Yes, you can combine the UDBs into larger designs. For comparision: a UDB has 2 PLDs in it, each with 4 Macrocells. So 24 UDB equal to 192 MCs - meaning a PSoC5 is a little bit larger than e.g. a XC95144. Its way smaller than a Spartan or Virtex FPGA.
thank you ANKS and hli.
Are there any restrictions on the verilog language syntax? Without considering device specific macros, does one need to re-code reuseable verilog codes in order to work with the psoc tools?
1. The Warp Verilog used in PSoC5 is very much stripped-down version of Verilog. You will not find there constructs like "initial", "signed" or "arithmetic shift", etc. Useful links which include pretty much all available resources on the subject:
Warp Verilog Reference - see attached.
2. There is a distinction between UDB datapath blocks and PLD units in PSoC. The PLD's can be programmed using Verilog language similar to FPGA. UDB datapath are modules (state machines) that are not easily programmable Verilog, but rather being glued together using the Verilog language.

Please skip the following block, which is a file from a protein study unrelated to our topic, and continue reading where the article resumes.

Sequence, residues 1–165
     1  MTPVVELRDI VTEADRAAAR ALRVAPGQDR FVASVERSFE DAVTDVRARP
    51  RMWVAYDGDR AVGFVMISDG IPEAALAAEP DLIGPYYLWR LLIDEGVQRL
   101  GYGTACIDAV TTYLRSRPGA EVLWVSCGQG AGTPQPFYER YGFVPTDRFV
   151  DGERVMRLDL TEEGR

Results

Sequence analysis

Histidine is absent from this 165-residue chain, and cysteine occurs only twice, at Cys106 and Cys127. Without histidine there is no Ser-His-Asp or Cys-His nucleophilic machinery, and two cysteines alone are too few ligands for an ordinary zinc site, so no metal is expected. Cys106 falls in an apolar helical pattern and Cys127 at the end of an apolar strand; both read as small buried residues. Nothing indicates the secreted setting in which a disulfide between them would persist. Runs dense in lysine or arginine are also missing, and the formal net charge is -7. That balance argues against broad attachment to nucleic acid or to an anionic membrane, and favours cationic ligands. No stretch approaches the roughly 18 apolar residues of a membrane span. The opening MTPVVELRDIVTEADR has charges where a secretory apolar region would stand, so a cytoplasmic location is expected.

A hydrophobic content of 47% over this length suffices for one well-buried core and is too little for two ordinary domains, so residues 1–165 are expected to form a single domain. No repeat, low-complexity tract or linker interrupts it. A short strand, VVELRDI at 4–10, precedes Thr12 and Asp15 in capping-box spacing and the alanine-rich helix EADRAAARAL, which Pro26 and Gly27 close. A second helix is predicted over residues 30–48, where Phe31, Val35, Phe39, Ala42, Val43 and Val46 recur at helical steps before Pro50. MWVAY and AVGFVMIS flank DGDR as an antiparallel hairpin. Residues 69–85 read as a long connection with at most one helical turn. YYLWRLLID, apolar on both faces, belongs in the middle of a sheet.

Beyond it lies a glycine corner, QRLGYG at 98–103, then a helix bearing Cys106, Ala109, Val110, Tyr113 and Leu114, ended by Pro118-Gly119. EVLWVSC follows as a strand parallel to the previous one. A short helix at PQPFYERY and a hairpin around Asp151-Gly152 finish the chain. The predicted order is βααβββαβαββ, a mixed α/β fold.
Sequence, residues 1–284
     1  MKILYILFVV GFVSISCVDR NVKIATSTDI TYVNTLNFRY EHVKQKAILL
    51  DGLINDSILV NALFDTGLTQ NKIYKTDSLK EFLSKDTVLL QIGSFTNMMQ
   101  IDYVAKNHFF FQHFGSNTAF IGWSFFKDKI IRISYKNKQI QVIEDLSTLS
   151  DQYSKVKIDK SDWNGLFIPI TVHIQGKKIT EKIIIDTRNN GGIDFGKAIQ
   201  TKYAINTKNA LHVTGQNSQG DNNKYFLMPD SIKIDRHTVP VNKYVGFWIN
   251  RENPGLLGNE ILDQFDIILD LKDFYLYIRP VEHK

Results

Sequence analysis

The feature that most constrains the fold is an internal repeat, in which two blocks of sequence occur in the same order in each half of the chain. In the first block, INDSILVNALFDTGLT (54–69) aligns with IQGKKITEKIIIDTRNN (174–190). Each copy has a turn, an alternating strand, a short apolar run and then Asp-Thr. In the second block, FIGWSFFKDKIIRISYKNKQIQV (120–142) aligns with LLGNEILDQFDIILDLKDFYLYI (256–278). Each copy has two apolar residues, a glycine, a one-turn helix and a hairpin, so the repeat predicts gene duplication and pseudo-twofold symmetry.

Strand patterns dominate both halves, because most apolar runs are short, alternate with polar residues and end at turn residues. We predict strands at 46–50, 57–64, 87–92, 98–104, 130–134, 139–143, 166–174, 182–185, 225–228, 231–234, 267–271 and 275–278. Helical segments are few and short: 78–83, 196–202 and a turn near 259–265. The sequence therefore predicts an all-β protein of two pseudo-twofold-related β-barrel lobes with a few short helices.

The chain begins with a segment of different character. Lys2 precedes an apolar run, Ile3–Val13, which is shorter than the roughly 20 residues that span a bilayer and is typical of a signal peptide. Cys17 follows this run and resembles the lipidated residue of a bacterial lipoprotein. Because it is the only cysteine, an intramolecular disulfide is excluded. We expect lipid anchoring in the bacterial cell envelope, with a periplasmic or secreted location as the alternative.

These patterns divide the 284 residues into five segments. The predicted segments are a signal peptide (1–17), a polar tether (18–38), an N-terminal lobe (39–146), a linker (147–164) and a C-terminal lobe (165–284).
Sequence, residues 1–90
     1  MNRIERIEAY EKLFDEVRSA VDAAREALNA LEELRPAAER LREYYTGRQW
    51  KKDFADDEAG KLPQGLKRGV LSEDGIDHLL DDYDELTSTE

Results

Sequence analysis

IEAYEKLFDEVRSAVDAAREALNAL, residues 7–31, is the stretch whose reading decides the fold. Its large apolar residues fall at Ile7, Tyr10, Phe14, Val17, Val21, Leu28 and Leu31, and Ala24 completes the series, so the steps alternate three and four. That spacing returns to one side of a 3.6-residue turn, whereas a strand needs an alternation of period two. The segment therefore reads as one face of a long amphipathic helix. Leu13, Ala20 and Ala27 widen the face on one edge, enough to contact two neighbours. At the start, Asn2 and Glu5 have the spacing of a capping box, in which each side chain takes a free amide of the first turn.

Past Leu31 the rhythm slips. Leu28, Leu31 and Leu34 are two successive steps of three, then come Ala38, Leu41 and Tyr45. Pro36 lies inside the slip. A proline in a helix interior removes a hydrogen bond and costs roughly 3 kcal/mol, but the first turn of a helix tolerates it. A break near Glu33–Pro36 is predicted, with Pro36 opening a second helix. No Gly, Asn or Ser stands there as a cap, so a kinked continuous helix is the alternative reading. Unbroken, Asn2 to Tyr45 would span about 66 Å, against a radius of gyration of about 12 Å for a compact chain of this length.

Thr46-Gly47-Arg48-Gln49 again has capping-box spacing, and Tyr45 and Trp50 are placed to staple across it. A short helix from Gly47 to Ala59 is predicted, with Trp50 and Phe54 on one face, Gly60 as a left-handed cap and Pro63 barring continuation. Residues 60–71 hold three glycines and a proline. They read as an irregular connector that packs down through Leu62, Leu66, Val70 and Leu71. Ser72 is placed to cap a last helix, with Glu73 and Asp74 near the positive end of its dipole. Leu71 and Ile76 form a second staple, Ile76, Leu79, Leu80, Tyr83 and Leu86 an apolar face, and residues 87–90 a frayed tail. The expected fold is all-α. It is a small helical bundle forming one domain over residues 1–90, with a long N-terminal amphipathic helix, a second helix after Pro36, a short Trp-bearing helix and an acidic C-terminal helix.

As an example, attached below is a test project showing distinction between UDB and PLD modules and also demonstrating the limits of how many 24-bit DDS units can be squeezed into PSoC5. First, all available UDB's have been utilized to make 7x DDS32 using UDB datapath modules and the rest remaining PLD space was filled with 6x 24-bit DDS24 modules written entirely in Verilog (no datapath used). Maximum amount of 24-bit DDS modules that could fit into PSoC5LP is 13.
P.S. compiling project will require libraries: DDS24 and DDS32 (attached)
Thanks. it looks like the symbol generation might be my best bet for simplicity, since I don't need a highly complex design, but the existing primitives make for a cumbersome design. I will give that a try